“If we plan for it, we take away the element of surprise. And if we focus on what we can control then we’ve got a lot more opportunity to come out of it in a better position.”
“Where you’ve got a degree of uncertainty, make an assumption, make a call. What do you think is going to happen? And play around with some of those scenarios.”
Adapting to a change in demand
The impact of COVID-19 has seen our world change dramatically before our eyes. And with that change has come a change in demand for all kinds of businesses. So how can businesses begin to adapt to that forthcoming change?
“Let’s start talking to our customers more; start embracing some of the change that has happened and feels good,” Jonathan said. “Let’s see it as an opportunity to go back to building the businesses we really want.”
Lauren said she’s been helping clients get their head around what that change in demand has been for them and helping them to dissect that.
“If demand has gone away, what demand is there now?” she added. “What can they do now to keep the cash rolling?”
Financial planning: where to begin
When it comes to laying out a financial plan, where do you begin? Both Lauren and Jonathan stressed the importance of getting the foundations right first, then bringing that information to life.
Lauren suggests starting with reconciling bank transactions daily, automating bookkeeping and financial records, and regularly reviewing and understanding the numbers.
“Don’t do your accounts for the VAT man; do it for yourself… If you’re [reconciling] daily or weekly, actually use that information for yourself rather than someone else’s purpose,” she advised.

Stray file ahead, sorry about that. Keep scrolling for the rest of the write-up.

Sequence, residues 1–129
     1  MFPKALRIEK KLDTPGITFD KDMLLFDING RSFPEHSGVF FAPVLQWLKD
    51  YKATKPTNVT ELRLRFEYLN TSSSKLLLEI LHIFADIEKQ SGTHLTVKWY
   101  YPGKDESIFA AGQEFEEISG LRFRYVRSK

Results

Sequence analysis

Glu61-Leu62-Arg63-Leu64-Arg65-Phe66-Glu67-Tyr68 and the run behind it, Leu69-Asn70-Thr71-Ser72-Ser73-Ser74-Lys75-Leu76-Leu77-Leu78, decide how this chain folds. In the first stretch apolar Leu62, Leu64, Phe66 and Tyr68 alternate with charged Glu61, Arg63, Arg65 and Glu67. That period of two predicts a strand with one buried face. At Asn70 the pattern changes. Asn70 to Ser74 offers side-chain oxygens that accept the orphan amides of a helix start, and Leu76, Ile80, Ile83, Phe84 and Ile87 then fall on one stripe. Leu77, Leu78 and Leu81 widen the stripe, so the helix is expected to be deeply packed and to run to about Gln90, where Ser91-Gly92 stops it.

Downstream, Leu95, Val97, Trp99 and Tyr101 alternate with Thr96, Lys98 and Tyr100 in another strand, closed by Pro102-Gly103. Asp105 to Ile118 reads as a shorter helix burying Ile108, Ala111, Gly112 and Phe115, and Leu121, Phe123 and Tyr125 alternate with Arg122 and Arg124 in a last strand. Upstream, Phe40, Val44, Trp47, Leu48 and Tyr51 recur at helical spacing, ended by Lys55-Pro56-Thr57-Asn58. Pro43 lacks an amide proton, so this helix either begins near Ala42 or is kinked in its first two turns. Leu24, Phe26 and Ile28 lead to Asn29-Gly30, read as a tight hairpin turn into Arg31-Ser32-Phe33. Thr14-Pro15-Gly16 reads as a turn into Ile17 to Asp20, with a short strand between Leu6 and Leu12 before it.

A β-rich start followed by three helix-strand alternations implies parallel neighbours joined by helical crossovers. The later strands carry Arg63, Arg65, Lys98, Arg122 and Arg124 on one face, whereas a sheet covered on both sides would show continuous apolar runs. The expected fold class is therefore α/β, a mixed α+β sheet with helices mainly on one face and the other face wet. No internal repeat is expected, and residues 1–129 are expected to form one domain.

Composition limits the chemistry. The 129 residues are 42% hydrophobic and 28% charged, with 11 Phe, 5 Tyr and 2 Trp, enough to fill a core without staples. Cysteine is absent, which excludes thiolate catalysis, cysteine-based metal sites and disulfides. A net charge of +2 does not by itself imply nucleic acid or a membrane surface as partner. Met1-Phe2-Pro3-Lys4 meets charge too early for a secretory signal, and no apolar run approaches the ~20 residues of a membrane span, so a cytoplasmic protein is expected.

When asked how frequently our webinar attendees reconcile their bank transactions in Xero, 40% said daily while 33% said they reconcile weekly – something our experts suspect is a positive symptom of the uncertainty businesses have been facing due to this crisis.
“You’ve got to look at your finances as the toolkit that’s going to give you a sense of direction,” Jonathan said. “You’re not going to go on a long journey in your car without looking at how much fuel you’ve got.”
Seeking clarification from an expert
For business owners struggling to understand their finances and not sure how to take that next step forward, it’s a good time to speak to an expert – an advisor or accountant who does this every day for their clients.
But what if you’ve spoken to your advisor and things still aren’t making sense?
“It’s for business owners to challenge their accountants if they don’t understand it,” Jonathan said. “Keep asking them to tell it to [you] in a different way, because finance doesn’t have to be complicated.
What about advice for the accountant?
“The more simplistic we can make it [to understand their finances], the more we can help business owners enjoy it,” Jonathan explains. “When the finances can help [business owners] and give them the clarity they’re looking for… they go onto great things,” he added.